As I did this with a tone of a parent speaking to a child, with a forced smile pasted on my face, I was ashamed of myself. My eager beavers responded with graciousness and smiles. It certainly did not stop them from wanting to interact. Neither did it stop them from attending my coffee/lunch sessions or generally hurt the rapport within the class. Nevertheless, I was disappointed in my reaction. 

As we moved on into other activities I replayed the whole experience back in my head many times. I haven’t been able to let go of that ill feeling, that is until I read a couple of Josette’s recent posts on compassion training and self-lovingkindness.

mindfulness-roadWhen I think back on this experience now I see myself seeing the hole in the road coming (even though I wasn’t in a mindful enough place to see it in real time). That knowledge led to more self abuse. That is, until I recognised my large step forward in regards to my own mindfulness.

I had seen the hole in the road. I recognised it immediately upon falling in. I mitigated some of the possible negative outcomes by handling the fall more gracefully than I might have done in the past, when that hole would’ve had me at sixes and sevens. All positive steps taken.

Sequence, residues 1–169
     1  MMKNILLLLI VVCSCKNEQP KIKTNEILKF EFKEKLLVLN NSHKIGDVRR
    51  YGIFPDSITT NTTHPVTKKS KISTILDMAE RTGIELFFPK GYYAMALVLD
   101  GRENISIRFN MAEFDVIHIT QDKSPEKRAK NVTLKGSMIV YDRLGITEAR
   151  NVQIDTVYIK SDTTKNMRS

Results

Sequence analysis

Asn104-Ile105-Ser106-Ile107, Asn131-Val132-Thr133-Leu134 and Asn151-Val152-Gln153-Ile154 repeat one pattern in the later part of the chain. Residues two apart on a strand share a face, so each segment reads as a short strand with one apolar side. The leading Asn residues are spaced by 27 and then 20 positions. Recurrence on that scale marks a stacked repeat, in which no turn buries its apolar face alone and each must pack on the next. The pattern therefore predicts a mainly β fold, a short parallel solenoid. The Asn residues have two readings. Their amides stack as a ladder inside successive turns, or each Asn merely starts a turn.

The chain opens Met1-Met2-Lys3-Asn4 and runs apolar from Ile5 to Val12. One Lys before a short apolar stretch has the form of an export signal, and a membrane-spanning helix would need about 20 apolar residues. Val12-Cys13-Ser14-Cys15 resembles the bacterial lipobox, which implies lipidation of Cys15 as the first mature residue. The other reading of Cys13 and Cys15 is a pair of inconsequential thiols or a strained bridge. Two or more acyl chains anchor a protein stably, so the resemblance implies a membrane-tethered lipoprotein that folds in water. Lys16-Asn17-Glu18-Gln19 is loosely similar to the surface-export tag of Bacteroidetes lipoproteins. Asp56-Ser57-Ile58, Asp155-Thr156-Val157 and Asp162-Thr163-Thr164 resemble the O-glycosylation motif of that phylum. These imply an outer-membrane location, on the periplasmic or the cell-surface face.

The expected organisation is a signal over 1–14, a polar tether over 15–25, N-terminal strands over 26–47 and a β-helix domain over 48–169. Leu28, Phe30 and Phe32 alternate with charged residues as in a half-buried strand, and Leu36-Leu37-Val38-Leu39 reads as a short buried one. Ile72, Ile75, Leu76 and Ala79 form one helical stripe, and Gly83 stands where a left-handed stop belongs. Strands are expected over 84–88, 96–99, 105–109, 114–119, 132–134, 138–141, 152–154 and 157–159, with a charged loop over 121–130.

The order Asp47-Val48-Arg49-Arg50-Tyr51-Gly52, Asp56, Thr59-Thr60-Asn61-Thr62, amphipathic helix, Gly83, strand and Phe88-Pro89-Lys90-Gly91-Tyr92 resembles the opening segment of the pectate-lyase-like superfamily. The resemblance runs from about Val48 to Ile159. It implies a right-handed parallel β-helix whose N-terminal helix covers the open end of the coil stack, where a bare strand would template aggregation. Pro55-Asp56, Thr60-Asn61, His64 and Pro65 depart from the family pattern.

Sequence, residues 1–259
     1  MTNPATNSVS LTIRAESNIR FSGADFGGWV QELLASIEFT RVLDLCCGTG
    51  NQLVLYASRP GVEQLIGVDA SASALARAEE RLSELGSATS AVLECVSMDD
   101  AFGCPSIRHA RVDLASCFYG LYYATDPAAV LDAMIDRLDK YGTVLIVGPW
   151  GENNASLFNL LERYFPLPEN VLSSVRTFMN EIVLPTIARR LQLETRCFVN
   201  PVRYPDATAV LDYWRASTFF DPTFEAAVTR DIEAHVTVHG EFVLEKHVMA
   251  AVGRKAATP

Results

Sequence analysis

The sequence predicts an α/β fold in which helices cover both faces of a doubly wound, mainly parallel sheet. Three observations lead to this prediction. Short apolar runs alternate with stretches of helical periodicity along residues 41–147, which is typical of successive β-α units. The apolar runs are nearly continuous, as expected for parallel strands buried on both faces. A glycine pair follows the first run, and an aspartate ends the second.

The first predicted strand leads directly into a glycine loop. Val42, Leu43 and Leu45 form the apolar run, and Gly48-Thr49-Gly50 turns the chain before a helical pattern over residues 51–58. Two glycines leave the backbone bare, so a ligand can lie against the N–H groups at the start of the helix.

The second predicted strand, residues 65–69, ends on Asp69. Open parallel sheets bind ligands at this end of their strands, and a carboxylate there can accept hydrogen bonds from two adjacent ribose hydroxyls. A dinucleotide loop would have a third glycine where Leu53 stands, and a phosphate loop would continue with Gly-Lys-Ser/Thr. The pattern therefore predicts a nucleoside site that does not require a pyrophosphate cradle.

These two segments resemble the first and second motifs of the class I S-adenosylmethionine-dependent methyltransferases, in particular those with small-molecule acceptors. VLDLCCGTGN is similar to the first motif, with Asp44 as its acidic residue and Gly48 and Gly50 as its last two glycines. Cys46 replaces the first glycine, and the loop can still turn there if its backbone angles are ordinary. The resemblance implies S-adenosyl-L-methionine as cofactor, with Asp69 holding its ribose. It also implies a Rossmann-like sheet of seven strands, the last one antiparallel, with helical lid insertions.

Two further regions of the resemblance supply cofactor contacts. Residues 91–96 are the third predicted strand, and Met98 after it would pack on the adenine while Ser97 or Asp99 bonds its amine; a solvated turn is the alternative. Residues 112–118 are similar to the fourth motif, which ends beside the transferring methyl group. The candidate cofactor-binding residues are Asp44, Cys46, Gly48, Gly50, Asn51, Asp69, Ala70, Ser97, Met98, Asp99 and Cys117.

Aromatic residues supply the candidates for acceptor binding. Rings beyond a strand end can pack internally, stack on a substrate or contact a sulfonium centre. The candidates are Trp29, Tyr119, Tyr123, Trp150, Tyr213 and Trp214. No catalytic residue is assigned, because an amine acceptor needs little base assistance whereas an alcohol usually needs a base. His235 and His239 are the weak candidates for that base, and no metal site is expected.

Recognising all of this leaves me in a better place the next time this particular hole presents itself, and even if I fall in again, I know I can be mindful enough to recover.

That knowledge is a massive weight lifted.

Thank you for reading and providing me a space to further explore. As others have noted, simply by “getting it out there” we see with far more clarity.

Some questions to consider:

What impact do I think my handling of these students had on their enthusiasm, desire or learning?

How might it have affected the classroom dynamic as a whole?

How might I better manage my expectations from class to class?

How could I have better managed the class as a whole to better serve each student as a whole person (how could I have tailored my lessons to better fit each students needs)?

And many many more…



10 thoughts on “rpc3 – the descriptive challenge

  1. Pingback: Reflective Practice: Challenge to Describe | Wednesday Seminars

  2. Thanks! I enjoyed reading this post for the attention it gives to a fascinating topic. I’ve had a similar problem with a student. He is male and the oldest member of the class (including me). In Central Asia age is a status, so I asked an older senior teacher to point out that he was talking too much and frustrating the others. He started listening more, but I still have to watch him closely!